What we need is an attribution system, operated regularly like the weather forecast and made available to the public. Its purpose would be to deliver rapid and authoritative assessments of the links, if any, between recent extreme weather events and human-induced climate change.
In the event of, say, a severe flood, the system would provide estimates of the extent to which the event was made more or less likely by human-induced climate change. It would also take into account alternative natural explanations such as the El Niño Southern Oscillation, a large-scale climate pattern in the tropical Pacific Ocean that affects weather worldwide.
We expect such a service would be of great interest to anyone who wants to know whether a given event could be attributed to climate change, from politicians and journalists to homeowners and insurance companies.
Are we capable of delivering? Attribution is difficult and it will be important not to undermine the credibility of a system by prematurely attributing events. However, climate science has advanced to the point where it is possible to assess some types of weather event. For example, the European heat wave of 2003 was consistent with an increased risk of extreme weather caused by climate change, whereas the cold U.S. temperatures of 2008 were not—instead being linked to the La Niña phase of the El Niño.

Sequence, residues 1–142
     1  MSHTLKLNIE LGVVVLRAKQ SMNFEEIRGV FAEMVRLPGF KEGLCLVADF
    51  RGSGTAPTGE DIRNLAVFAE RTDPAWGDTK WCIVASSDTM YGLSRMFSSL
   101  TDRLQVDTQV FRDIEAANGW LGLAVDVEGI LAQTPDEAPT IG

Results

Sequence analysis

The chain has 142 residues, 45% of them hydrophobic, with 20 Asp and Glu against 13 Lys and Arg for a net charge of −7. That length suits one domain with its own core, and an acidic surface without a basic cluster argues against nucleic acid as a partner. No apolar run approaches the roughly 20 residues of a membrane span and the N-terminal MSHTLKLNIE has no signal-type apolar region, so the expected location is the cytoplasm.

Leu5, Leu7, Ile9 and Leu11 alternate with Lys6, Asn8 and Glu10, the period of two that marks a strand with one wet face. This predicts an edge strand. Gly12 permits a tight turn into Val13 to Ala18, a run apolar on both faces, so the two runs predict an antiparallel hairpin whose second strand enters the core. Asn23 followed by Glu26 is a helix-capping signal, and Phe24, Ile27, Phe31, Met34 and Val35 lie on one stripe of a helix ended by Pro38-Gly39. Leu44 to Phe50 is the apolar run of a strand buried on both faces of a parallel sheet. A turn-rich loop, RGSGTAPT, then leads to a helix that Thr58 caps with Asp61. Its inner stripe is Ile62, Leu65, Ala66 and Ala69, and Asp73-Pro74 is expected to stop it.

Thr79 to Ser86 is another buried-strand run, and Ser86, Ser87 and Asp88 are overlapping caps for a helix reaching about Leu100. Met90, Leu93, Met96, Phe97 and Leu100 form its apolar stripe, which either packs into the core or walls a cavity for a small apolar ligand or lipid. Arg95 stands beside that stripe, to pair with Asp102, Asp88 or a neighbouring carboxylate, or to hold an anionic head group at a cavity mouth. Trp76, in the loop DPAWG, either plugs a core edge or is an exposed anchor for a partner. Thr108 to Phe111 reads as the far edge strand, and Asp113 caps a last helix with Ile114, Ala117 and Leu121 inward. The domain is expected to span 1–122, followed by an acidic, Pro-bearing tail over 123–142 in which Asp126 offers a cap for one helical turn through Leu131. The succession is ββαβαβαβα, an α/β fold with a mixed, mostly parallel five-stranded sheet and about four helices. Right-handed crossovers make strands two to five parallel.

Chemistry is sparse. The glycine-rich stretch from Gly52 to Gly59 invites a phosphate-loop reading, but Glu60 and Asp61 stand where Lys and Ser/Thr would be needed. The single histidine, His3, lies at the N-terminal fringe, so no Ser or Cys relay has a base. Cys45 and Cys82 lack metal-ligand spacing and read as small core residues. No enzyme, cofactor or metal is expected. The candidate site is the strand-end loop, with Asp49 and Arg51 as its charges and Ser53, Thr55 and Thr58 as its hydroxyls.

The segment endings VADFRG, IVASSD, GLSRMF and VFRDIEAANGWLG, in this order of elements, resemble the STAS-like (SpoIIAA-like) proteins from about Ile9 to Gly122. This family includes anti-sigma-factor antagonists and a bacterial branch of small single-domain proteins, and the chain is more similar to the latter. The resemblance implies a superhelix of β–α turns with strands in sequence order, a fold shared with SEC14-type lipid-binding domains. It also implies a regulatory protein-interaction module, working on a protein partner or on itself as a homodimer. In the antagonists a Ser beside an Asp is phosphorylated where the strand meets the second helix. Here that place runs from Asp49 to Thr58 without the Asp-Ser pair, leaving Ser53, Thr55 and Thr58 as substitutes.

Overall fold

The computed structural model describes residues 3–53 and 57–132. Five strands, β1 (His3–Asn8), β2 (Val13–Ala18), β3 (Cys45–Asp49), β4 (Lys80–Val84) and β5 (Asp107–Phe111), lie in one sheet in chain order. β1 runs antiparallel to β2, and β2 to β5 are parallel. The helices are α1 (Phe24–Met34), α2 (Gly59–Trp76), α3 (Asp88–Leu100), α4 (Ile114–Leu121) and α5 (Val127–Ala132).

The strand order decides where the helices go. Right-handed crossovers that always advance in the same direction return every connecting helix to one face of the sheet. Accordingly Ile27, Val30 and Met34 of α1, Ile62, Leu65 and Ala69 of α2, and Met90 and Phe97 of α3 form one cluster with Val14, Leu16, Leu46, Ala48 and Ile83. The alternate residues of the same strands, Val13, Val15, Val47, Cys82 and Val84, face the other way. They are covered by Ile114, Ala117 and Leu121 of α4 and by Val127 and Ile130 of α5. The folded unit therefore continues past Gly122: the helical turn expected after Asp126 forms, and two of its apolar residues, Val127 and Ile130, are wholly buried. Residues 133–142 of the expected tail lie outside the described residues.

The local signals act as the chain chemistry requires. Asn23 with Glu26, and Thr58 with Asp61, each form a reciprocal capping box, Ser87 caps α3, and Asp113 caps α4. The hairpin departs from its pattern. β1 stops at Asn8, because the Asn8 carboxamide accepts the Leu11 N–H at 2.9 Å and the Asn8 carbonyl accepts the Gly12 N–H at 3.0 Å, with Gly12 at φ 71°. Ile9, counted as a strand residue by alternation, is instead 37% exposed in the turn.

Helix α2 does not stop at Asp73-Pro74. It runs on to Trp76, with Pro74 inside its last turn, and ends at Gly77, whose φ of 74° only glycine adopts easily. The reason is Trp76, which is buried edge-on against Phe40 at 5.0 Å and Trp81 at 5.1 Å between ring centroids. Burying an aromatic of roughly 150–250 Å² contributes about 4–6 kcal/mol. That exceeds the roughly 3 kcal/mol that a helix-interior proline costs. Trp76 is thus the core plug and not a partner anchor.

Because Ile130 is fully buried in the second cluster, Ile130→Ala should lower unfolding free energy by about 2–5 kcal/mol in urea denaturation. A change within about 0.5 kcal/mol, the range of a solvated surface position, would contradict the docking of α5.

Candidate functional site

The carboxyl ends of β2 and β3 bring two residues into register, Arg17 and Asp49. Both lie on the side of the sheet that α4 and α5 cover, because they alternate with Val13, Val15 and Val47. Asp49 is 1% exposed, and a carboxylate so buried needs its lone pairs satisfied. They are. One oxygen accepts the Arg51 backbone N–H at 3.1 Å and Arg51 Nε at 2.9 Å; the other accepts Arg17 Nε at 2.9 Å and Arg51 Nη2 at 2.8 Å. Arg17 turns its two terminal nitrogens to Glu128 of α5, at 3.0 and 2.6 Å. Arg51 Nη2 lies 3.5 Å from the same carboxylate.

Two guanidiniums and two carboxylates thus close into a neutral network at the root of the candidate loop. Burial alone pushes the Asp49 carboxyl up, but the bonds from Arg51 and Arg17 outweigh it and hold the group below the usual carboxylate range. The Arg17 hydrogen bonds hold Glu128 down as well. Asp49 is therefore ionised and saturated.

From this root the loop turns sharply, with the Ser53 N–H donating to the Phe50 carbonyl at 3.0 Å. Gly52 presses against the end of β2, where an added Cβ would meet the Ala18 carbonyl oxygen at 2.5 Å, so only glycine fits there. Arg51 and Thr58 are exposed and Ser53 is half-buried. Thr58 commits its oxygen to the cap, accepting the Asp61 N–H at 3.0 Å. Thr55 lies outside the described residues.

For other events, such as hurricane Katrina and last year's devastating Pakistan floods and Moscow heat wave, the cause remains uncertain. But the development of an attribution system should help drive further improvements in the forecasting models by continually confronting real world examples of extreme weather.
We at the Met Office—the U.K.'s national weather service—are keen to take this idea forward, and have begun to put together an international collaboration of scientists called the Attribution of Climate-related Events Initiative, or ACE for short. Our aim is to understand when we can reliably estimate the odds of particular types of extreme weather events and for which types of events further improvements are required. We hope to have a prototype attribution system up and running in two years.
Should another Category 5 hurricane make landfall on the U.S. mainland, its attribution will be tough. But scientific understanding is developing all the time. Were an attribution system established and its strengths and limitations well understood, a future judge, journalist, or local resident, interested in who—or, indeed, what—to blame, would know where to go.
This article originally appeared in New Scientist.
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